Neuroscientists have used brain imaging techniques to determine that people with OCD may have structural differences in certain areas of the brain, such as the prefrontal cortex, which is responsible for decision making, personality, impulse control, and planning. Some scientists suspect that OCD symptoms are the result of communication errors between multiple areas of the brain called the cortico-striatal-thalamic-cortical (CTSC) circuit, which works together to regulate cognition, reward seeking and motivation, behavior, sensation, motor function, and other important brain functions. When these specific areas of the brain fail to properly send certain signals among each other, a person may experience OCD symptoms.

Scientists also know that neurotransmitters, or brain chemicals that perform important functions, are involved in OCD. Specifically, they have found that people with OCD may release too much or too little of four specific neurotransmitters (serotonin, dopamine, glutamate, and GABA), all of which are found in the CTSC circuit. The resulting chemical imbalance may cause OCD.

Despite these observations, scientists have not discovered a predictable pattern of brain structure or behavior that can definitively indicate that a person has OCD. Researchers are still working to advance our understanding of the neuroscience basis for this disorder.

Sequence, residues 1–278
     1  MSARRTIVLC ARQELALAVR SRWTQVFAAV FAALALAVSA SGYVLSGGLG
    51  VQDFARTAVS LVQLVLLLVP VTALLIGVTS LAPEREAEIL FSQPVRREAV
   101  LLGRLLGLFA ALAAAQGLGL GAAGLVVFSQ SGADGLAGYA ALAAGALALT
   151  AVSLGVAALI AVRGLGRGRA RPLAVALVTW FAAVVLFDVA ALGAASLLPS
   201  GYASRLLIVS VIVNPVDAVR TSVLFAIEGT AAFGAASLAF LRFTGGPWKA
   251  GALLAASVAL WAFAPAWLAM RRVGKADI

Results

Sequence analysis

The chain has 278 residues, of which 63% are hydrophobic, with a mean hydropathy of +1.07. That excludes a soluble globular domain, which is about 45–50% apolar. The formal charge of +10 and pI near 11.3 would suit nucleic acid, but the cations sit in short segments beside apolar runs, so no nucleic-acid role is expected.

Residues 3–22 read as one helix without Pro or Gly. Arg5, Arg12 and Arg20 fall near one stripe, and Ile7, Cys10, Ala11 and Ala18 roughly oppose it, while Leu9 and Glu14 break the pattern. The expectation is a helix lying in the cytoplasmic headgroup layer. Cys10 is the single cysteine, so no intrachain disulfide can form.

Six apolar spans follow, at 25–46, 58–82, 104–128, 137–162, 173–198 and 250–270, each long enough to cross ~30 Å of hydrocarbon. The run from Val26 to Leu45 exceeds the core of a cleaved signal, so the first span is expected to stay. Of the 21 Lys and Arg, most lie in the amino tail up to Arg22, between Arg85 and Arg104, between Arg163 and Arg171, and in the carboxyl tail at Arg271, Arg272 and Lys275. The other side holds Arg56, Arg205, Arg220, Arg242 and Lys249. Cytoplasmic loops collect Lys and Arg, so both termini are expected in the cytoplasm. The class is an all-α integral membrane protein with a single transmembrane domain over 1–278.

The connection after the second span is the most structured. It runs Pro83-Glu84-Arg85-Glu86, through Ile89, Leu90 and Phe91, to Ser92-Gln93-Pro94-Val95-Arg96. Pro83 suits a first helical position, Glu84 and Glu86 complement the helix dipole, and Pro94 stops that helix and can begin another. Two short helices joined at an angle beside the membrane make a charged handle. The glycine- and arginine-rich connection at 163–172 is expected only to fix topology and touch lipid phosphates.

How is OCD treated?

Many treatment options are available to people seeking relief from OCD. Treatment usually involves a combination of medication and therapy, but other cutting-edge options may offer a solution for the 30% of individuals who do not respond to traditional treatment.

Selective serotonin reuptake inhibitors (SSRIs), which are considered a first-line treatment for OCD, help the brain regulate and create a healthy balance of neurotransmitters. These medications can also help to treat other mental disorders (especially depression), making them an desirable option for people who suffer from certain co-occurring conditions in addition to OCD.

Many clinicians recommend that people with OCD should seek psychotherapy, which can be effective alone or in combination with medication. One popular therapeutic approach, called cognitive behavioral therapy (CBT), may help people reduce their OCD symptoms by providing them with coping skills that can help them unlearn patterns of harmful behavior.

Although medication and therapy generally are considered successful treatments for OCD, research suggests that only 7 in 10 people with OCD will benefit from these treatments, and they typically only see a partial reduction in their symptoms, rather than full remission.

Fortunately, innovative techniques may offer relief where traditional treatments fail. Transcranial magnetic stimulation (TMS), a non-invasive therapy that uses small electrical impulses to stimulate areas of the brain, received FDA approval in 2018 as a safe, effective treatment for OCD. Research indicates that 38.1% of people with treatment-resistant OCD showed at least a 30% reduction in their OCD symptoms after receiving TMS, indicating that the technique is a promising way to alleviate stubborn OCD and offer a renewed quality of life to those who live with the condition.

We are happy to offer this evidence based, cutting-edge OCD treatment, TMS Therapy, at our clinic, TMS Program. Please give us a call at 856.350.5555 to schedule a free consultation.